One Way to Test an Idea

If I have an idea for a business or something else, I try to write it down, or record it in my notes app on my iPhone. One thing I had written down at one point was to write a book about the career paths of various business professionals and entrepreneurs. Additionally, I had begun to compile a list of short and succinct pieces of career advice that I had received from those I had interacted with in my work life. Some were customers, some were coworkers. I didn’t necessarily know what I was going to do with this information but I didn’t want to forget it.

Gradual Progression

So naturally I decided to blog about some of these quotes. In July of 2019, I decided to transition from a free Wix site with a long url to a WordPress.com blog site, which allowed me to have an real looking web address. Ablogaboutbusiness.com is still live today! In fact my fourth post, titled Be a Farmer, was structured around a piece of sales advice I had received from my boss’ boss at a sales training. But in addition to getting quick one liner advice, I really had a desire to sit down with others and learn their stories in an interview type setting.

Using Family as a Guinea Pig for an Idea

Who better to make a guinea pig than a family member? My family and I were visiting my parents at their place in Arizona, and since my Dad owns his own business and I have a lot of respect for him, I asked him if he’d be willing to be interviewed by me. He agreed, being the good obliging father that he is (I think he genuinely wanted to!), and sat down with me for what I guess you could say would be the precursor to Career Yak! The equipment consisted of me using the recording app and built in mic on my iPhone, us talking in an echo filled and tile floored room, and me asking him some questions that I had previously jotted down in my journal. We then were interrupted, moved our conversation out to the patio, and encountered a Tucson thunderstorm (it was monsoon season!) that caused a bit of background noise. Needless to say the production part of the recording was professional grade.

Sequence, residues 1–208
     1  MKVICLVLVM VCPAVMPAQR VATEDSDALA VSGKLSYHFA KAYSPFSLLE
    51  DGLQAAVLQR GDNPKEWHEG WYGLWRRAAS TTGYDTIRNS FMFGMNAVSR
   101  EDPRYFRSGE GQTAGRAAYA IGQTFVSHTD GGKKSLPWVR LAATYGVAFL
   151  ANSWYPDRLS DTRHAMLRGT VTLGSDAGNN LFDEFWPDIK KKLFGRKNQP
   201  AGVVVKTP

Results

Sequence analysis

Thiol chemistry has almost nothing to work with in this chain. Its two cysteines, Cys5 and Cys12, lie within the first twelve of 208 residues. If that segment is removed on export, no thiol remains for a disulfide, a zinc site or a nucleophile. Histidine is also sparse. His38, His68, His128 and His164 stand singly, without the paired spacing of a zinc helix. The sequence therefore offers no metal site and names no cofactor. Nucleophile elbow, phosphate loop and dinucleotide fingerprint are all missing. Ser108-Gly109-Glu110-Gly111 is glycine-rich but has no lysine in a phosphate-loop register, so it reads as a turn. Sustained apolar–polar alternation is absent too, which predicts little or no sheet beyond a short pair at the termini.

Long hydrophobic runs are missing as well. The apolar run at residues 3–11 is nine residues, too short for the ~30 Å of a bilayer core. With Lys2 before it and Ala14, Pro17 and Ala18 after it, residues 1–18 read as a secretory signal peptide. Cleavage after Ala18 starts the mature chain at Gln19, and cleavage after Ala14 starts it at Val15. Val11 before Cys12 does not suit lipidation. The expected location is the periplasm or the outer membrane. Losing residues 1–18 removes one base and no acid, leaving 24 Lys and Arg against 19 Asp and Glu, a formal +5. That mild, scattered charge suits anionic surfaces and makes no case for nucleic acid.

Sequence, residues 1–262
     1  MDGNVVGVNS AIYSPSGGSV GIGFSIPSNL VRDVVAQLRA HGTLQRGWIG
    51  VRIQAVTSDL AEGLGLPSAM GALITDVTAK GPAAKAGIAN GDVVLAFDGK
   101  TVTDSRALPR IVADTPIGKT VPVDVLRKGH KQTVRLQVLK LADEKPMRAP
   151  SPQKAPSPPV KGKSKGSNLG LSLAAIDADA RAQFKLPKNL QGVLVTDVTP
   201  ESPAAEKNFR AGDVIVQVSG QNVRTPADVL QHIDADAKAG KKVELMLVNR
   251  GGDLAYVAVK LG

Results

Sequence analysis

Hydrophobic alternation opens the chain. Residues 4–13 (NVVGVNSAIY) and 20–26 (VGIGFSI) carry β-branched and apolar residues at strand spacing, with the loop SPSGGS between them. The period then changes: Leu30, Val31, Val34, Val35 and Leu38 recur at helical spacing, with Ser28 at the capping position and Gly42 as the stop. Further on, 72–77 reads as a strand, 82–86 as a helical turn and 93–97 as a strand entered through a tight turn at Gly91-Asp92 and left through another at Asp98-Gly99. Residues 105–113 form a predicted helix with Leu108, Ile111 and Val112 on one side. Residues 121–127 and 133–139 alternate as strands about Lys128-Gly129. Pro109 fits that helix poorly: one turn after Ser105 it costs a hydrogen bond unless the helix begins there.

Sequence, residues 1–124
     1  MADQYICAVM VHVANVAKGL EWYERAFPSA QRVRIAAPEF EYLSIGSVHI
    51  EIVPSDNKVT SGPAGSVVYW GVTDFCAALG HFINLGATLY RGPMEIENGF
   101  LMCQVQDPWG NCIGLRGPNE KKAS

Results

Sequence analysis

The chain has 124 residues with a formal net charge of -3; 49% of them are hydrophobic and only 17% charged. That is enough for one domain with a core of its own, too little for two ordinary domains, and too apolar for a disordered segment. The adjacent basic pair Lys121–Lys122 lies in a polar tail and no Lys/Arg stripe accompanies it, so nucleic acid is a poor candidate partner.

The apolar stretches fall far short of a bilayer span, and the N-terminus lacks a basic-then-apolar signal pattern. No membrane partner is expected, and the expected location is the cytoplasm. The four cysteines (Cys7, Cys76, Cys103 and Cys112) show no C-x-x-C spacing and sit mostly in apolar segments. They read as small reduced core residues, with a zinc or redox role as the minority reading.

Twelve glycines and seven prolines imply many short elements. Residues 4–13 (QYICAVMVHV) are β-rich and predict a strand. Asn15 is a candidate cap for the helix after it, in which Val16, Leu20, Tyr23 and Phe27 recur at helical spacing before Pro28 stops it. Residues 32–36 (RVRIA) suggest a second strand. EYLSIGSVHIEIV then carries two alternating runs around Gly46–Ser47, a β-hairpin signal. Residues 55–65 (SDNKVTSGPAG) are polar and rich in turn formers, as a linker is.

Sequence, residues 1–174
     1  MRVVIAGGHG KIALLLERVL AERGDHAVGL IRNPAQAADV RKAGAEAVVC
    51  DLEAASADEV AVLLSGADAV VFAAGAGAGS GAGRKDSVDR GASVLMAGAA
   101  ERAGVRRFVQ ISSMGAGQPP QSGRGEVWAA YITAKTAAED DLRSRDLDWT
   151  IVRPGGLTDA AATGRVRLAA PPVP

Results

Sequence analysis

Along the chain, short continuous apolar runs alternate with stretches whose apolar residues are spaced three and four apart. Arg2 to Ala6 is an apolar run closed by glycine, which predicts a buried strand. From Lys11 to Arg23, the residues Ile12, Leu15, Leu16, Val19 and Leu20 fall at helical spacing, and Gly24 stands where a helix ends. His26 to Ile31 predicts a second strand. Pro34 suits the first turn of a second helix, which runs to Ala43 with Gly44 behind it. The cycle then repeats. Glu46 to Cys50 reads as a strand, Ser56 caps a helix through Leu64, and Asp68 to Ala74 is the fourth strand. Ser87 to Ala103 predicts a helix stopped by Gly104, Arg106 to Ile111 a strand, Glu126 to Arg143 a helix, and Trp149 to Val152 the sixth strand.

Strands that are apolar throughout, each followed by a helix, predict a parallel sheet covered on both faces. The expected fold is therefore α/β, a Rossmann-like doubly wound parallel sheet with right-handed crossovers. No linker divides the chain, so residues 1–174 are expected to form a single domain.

Long story short, we finished our talk, I went back and edited it on my phone, my Dad and I both listened to it, and he gave me some feedback on the pros and the cons and what he’d do differently. I recorded it back during the summer of 2018, I blogged about it initially in February 2019 (you can still read my write up), and if you’ve listened to my podcast you’ll know that I didn’t publish my first full episode until November of 2019. So there was a gap of over a year between the trial interview and my podcast being published. But that was okay.

A Clip of My First Interview (Enjoy the Calming Rain)

Interview with Ken Goodwillie of Divine Design

Test the Waters and Continuously Learn

Could I have started my podcast sooner? Sure. But regardless of when I started it, the lessons I learned doing this real but casual interview with my Dad taught me so much. It gave me a taste of what interviewing someone was like. It gave me experience in prepping an outline. It helped me learn a bit about asking follow up questions. It taught me not to record podcast episodes in an open floorpan tile living room or during a thunderstorm. It taught me that I enjoy interviewing entrepreneurs and talking to them about business.

Sometimes people have an idea, and want to execute on that idea right away. Sometimes that is the right plan of action. But maybe you should consider testing the waters first in order to see if it is something you’d like to pursue. I started a business journal on a Word document to record ideas so they wouldn’t be forgotten. I enjoyed doing it, and later I started a simple blog online. I wanted to compile interviews with business people in some way. Did I get out of bed the next morning and call a book publisher or radio station to discuss my idea of interviewing professionals to learn career lessons? No… Instead I took a few hours during a day on my vacation to interview my Dad. The point is this: chew on and test out your idea in a small way first. Determine how realistic an idea is, and if it is something worth your time and that you actually want to do. And if it is, then keep pursuing it, keep learning, and continuously evaluate yourself and the idea as you progress. Maybe it will turn into something, maybe it won’t, but either way you will have hopefully learned valuable lessons during the process. The time spent is not wasted.

Check out the Career Yak Podcast!

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